The Federal Reporter with Key-Number Annotations, Volume 256: Cases Argued and Determined in the Circuit Courts of Appeals and District Courts of the United States, May-July, 1919. Page: 61
The following text was automatically extracted from the image on this page using optical character recognition software:
THE JOHN B. ROBBINS
of this motion would preclude the bankrupt from obtaining his dis-
charge. In spite of this fact, however, the court should, in its discre-
tion, grant the motion, if it finds that the motion is made seasonably
and in good faith. This motion was not made until the expiration of
the 18 months. In the Casey Case, 195 Fed. 322, 329, the District
Court of the Northern District of New York denied the motion to
vacate on the ground of laches in presenting the motion. The court
"Laches is measured sometimes by years and sometimes by days, depending
on the nature of the case and the circumstances. Here it was a question of
months with the bankrupt. If his order extending his time to file his applica-
tion for a discharge was to be attacked by a motion to vacate, the motion
should have been made promptly and long enough before the expiration of the
18 months period to enable him to renew his application or file more proofs in
support thereof, assuming the petition to have been insufficient."
In the case before me, the petition for an extension of time was
filed on January 16, 1919, 5 days before the expiration of the 18
months. The motion to vacate was not filed for 20 days thereafter.
The petition for discharge was published on January 20, 1919, notice
was sent the creditors on January 27, 1919, and the bankrupt paid for
the expense of publishing the notice.
Under all the circumstances of the case, I am constrained to find that
the motion to vacate the order of extending the time in which to file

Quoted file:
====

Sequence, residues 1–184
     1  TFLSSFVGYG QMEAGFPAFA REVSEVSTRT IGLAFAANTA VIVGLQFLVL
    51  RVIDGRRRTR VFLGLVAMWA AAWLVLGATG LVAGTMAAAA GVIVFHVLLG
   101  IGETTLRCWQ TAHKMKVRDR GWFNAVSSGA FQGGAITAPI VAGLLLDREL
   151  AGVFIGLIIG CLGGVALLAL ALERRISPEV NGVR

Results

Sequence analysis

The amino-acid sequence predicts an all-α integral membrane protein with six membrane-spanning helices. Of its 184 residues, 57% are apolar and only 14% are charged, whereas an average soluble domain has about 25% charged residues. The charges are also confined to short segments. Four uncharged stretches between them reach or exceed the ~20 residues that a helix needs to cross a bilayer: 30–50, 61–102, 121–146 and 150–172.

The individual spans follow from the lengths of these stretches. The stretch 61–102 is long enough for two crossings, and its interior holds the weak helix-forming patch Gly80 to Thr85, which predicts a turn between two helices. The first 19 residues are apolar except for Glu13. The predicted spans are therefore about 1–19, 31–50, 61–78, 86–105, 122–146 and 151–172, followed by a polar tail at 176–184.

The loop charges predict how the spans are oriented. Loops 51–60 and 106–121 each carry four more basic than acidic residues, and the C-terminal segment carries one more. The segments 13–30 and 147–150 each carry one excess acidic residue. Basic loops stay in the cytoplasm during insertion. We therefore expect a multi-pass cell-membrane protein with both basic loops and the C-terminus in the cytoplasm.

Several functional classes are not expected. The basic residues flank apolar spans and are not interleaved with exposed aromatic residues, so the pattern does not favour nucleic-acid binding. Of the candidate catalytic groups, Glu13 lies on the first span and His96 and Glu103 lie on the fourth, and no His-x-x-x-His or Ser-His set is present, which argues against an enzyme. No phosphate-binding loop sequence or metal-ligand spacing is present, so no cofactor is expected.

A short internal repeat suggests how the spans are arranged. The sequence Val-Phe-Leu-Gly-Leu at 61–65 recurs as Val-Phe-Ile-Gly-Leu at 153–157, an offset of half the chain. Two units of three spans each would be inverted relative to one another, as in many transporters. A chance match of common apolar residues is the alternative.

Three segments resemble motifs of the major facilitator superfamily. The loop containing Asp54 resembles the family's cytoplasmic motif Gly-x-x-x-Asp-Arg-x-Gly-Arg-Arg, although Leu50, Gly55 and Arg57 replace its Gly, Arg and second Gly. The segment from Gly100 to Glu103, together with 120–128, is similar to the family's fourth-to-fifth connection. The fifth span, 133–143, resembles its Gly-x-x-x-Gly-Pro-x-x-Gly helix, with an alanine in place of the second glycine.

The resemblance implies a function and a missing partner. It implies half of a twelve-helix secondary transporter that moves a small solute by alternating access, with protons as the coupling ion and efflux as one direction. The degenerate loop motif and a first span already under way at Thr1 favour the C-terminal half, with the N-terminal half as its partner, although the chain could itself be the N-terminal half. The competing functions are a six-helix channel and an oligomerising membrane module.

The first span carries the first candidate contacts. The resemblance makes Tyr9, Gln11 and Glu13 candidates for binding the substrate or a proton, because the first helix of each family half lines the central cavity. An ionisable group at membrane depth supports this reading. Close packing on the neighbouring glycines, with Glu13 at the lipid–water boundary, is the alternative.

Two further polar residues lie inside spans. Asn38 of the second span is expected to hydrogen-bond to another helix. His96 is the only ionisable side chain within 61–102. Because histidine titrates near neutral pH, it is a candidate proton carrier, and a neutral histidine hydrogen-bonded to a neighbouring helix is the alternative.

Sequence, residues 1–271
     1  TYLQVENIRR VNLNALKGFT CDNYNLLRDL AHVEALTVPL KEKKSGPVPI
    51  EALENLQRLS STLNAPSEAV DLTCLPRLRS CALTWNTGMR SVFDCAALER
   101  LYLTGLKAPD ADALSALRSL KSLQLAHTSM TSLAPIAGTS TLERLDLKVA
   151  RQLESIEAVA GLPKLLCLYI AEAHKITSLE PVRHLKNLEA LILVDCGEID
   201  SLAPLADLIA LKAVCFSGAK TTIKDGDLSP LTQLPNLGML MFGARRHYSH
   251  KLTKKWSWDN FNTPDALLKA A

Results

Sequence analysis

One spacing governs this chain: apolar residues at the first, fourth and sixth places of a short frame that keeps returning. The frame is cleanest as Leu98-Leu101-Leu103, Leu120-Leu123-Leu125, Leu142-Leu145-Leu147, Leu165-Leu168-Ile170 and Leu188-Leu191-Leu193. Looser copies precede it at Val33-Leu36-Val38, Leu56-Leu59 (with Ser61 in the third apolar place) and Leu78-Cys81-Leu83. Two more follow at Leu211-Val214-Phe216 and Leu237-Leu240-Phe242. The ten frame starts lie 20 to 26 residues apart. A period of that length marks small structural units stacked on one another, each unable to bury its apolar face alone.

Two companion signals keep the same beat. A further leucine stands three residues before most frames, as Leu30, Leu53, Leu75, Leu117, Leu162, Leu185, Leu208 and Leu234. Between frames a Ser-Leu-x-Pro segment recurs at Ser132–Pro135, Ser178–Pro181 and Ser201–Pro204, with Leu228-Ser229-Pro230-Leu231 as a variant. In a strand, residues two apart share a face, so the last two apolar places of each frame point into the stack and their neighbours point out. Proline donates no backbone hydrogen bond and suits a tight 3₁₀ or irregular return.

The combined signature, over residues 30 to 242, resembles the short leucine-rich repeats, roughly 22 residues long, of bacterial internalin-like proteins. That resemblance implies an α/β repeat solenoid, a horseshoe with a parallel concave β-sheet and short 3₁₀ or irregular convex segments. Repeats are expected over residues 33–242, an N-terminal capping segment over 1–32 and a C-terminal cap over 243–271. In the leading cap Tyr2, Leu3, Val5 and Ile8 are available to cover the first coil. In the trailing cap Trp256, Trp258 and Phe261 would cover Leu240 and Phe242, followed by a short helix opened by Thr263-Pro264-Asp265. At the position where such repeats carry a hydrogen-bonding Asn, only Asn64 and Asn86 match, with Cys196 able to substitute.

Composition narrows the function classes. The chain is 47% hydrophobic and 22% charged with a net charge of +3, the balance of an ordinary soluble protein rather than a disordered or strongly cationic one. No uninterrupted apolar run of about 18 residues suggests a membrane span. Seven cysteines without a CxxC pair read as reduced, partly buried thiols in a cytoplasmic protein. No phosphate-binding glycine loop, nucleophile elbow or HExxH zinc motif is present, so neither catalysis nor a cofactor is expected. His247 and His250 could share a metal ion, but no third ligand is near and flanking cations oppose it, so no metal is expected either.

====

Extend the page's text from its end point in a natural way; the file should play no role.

petition for discharge was not seasonably made. The motion is denied.
THE JOHN B. ROBBINS.
(District Court, E. D. Virginia. February 18, 1919)
SHIPPIn G 6-132(5)-DAMAGE TO CARGo-LIABILITY.
Evidence held insufficient to establish unseaworthiness of a vessel at
the beginning of the voyage or improper stowage, but to show that
damage to cargo resulted from errors in navigation or dangers of the
sea, for which neither vessel nor owners were liable under Harter Act.
3 (Comp. St. 8031).
In Admiralty. Suit by the Hubbard Fertilizer Company against
the auxiliary schooner John B. Robbins and J. H. Sturgiss and J.
E. Mapp, its owners. Decree for respondents.
John H. Skeen, of Baltimore, Md., and John W. Oast, Jr., of Nor-
folk, Va., for libelant.
Edward R. Baird, Jr., of Norfolk, Va., for respondents.
WADDILL, District Judge. The libel in this case is filed to recover
for alleged damage to and loss of a certain portion of a cargo of 35
tons of guano, undertaken to be transported by the respondents from
Cape Charles, Va., to Bayford, Va.
The facts, briefly, are that the respondents undertook the service,
and the fertilizer was duly loaded upon the deck of the schooner on
Saturday, the 25th day of February, 1918. The schooner sailed at
gFor other cases see same topic & KEY-NUMBER in all Key-Numbered Digests & Indexes
Here’s what’s next.
This document can be searched. Note: Results may vary based on the legibility of text within the document.
Citing and Sharing
Basic information for referencing this web page. We also provide extended guidance on usage rights, references, copying or embedding.
Reference the current page of this Legislative Document.
The Federal Reporter with Key-Number Annotations, Volume 256: Cases Argued and Determined in the Circuit Courts of Appeals and District Courts of the United States, May-July, 1919., legislative document, 1919; Saint Paul, Minnesota. (digital.library.unt.edu/ark:/67531/metadc38827/m1/75/: accessed March 30, 2017), University of North Texas Libraries, Digital Library, digital.library.unt.edu; crediting UNT Libraries Government Documents Department.